Christmas Postcards 

Step back to the early part of the 20th century, and some Christmas cards were like postcards. Many years ago, I picked up some on eBay. This one is my favourite. 

An Old Maid’s Christmas
On the back.

Postmarked Dec 24th 1912, I love the humour on this postcard, although I’m not sure it would go down well these days. What do you think?

I can’t make out the postmark on this postcard, but the stamp on it tells me it’s from the U.S.A. 

Christmas postcard from the early 20th century
Christmas postcard from the early 20th century

And here’s another early one from the U.S.A, postmarked Dec 23rd 1913.

Christmas postcard dated 23rd December 1913
Christmas postcard dated 23rd December 1913

Postal addresses were so short back then.

Fast-track to the 1980s and Christmas cards were very different. Here are a few of my favourites.

Yes, I have a scrapbook that includes some of my favourite Christmas cards.

The Boyfriend Dilemma

Finally, here’s a Christmas card from 1988 that was sent to me by my then boyfriend.

 

Christmas 1988
Last Christmas I gave you my heart. By New Year’s Day I’d taken it away!

Unfortunately, he went on to break my heart on New Year’s Eve, yet I kept the Christmas card he sent me. I wonder why?

Do you send and enjoy receiving Christmas cards? Have you ever had any dilemmas with them?

Copyright © 2020 hughsviewsandnews.com – All rights reserved.

Have You Lost Your Desire To Write?

I’ve witnessed many people saying that they seem to have lost their writing mojo since the COVID-19 pandemic started. Likewise, it happened to me. 

I don’t know what it was, but I didn’t feel in the mood to write any forms of specific creativity. 

I couldn’t even bring myself to look at any of the drafts I had for new short stories, or even the two books I have in my computer’s archives. 

My desire to delve into them had taken a vacation that had no end date.

I had no idea why it was happening. Then I put something to the test. 

Like many, I’d found myself reading blog posts that had a ‘doom and gloom’ theme to them. 

The majority of those posts, of course, were COVID-19 related. 

However, since cutting down on the number of COVID-19 blogs posts I read, my writing mojo seems to occasionally show signs of returning.

I can sometimes see it waving at me before disappearing again. I was never any good at ‘hide & seek.’ I was always the first one to be found and could never find anybody.

When my writing mojo does appear, I do all I can to grab it by the horns and get writing. 

Writing something – anything – makes me feel good. In fact, it makes my day!

This led me to seek out more and more blog posts that contain positivity, laughter, humour and good news. Yes, despite what’s going on in today’s world, those happy blog posts are still out there.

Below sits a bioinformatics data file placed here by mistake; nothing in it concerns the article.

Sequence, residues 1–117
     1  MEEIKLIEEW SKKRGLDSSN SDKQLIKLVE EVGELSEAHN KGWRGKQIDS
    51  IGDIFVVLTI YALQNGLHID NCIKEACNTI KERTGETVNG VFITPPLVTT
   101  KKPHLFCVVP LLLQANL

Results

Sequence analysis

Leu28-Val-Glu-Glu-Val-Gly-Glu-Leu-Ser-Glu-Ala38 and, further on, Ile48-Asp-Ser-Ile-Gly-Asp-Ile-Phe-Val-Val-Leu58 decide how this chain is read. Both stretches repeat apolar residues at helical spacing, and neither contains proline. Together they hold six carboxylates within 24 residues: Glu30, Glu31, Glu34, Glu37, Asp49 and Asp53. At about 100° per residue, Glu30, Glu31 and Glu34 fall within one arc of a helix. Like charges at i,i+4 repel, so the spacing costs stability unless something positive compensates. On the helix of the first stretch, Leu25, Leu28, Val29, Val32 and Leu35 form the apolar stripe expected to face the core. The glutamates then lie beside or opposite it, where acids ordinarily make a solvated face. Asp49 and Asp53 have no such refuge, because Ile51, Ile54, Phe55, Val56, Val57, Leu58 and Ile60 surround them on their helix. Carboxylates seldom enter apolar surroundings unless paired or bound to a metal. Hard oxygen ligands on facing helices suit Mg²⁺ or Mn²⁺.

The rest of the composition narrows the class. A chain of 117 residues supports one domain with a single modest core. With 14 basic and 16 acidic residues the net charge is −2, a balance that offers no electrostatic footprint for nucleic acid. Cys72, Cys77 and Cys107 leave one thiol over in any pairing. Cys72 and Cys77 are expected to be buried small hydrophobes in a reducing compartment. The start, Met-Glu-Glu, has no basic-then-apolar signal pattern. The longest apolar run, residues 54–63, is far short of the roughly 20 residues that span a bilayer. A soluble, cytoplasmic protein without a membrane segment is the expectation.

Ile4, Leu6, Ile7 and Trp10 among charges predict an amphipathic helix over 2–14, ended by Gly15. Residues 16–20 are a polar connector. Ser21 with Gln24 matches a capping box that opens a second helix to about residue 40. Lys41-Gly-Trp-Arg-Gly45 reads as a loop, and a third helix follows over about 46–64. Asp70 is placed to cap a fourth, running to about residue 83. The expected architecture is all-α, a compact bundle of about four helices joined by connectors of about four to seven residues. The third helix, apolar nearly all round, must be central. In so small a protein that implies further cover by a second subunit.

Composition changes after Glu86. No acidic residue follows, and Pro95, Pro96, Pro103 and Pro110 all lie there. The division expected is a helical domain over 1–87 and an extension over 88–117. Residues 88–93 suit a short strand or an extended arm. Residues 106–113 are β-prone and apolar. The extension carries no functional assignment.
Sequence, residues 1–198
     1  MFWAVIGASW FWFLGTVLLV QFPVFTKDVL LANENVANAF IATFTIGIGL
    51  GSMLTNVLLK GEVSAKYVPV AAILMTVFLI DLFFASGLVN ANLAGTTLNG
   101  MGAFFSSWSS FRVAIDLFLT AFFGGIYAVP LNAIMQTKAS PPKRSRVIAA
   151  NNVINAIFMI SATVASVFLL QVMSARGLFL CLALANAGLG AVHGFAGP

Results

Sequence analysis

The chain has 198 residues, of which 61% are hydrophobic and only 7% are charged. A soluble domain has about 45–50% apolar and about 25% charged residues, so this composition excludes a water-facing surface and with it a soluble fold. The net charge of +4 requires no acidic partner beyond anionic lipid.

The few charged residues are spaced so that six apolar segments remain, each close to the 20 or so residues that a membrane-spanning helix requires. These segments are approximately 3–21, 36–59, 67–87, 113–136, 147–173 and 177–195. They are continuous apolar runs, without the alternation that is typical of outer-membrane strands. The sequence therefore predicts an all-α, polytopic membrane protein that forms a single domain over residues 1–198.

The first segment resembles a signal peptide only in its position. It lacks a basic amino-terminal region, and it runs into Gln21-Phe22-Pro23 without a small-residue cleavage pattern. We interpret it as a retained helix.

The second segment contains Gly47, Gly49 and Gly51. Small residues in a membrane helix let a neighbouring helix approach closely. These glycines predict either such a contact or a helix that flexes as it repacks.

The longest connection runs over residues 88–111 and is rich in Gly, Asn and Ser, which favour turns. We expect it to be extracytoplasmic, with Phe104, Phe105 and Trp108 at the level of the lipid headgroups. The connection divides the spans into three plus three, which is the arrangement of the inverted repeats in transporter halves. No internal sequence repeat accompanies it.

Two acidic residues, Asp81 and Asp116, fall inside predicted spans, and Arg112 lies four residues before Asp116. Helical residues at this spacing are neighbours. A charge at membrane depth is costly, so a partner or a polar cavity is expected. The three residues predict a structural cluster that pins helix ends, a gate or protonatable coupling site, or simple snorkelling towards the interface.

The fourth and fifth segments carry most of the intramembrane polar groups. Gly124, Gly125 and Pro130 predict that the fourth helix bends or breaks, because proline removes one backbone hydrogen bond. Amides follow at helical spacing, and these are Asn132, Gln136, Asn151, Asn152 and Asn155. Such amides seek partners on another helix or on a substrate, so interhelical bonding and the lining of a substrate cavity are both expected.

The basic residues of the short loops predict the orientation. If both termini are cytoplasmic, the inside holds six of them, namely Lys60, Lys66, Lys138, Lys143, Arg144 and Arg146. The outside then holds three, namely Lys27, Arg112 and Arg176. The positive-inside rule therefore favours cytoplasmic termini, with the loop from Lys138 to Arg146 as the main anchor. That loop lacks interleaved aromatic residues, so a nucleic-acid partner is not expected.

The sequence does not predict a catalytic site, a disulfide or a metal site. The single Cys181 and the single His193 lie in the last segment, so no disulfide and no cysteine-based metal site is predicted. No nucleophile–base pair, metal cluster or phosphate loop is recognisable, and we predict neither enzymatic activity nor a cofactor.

Of course, not all COVID-19 related blog posts are full of doom and gloom. Some contain humour, so I haven’t cut myself entirely off from what’s going on in the world. I’ve even written a few myself, but so have many others. 

Yes, there is a COVID-19 connection in her post, but the video has made many readers smile and laugh. Thank you Willow, for giving me and many visitors to your blog a lift, and making our day with the video you shared. 

Then there are simple blog posts like the one from Elizabeth, at Tea & Pepper, which features a photo of something that brings joy to her moments of solitude. Her blog post made me smile and confirm to myself that everything will be OK. Click here to view Elizabeth’s post.

Social Media joins in with the humour

We mustn’t forget social media. It’s also playing its part in taking a bad situation and turning it into something that will make some of us smile.

Is now the perfect time to write?

You’d think that this moment in time would be perfect for writers and authors to get on with writing and editing their works-in-progress, especially given that many of us find ourselves at home. Yet, many have no urge to delve in and bring those pieces of fiction and creativity to life.

In a recent comment, I left on the blog of Cher Garman (The Chicago Files), I compared my current life to that of starting a new chapter in a book; a chapter in which I didn’t want to feature. Here’s what I said –

I look at the current situation we’re in as a chapter in a book, Cher. I’ll get to the end of that chapter soon, and a new one will begin. And, best of all, these chapters are a pathway to a happy ending.

The comment got me thinking, and I started to wonder if what is happening in the world today is only happening to me? 

  • Am I witnessing something that is a warning to only me? 
  • Are all of you out there just figures of my imagination?
  • Am I just a figure of your imagination? 
  • Are you watching a sci-fi movie of which I am the leading role?
#DoctorWho #television #scifi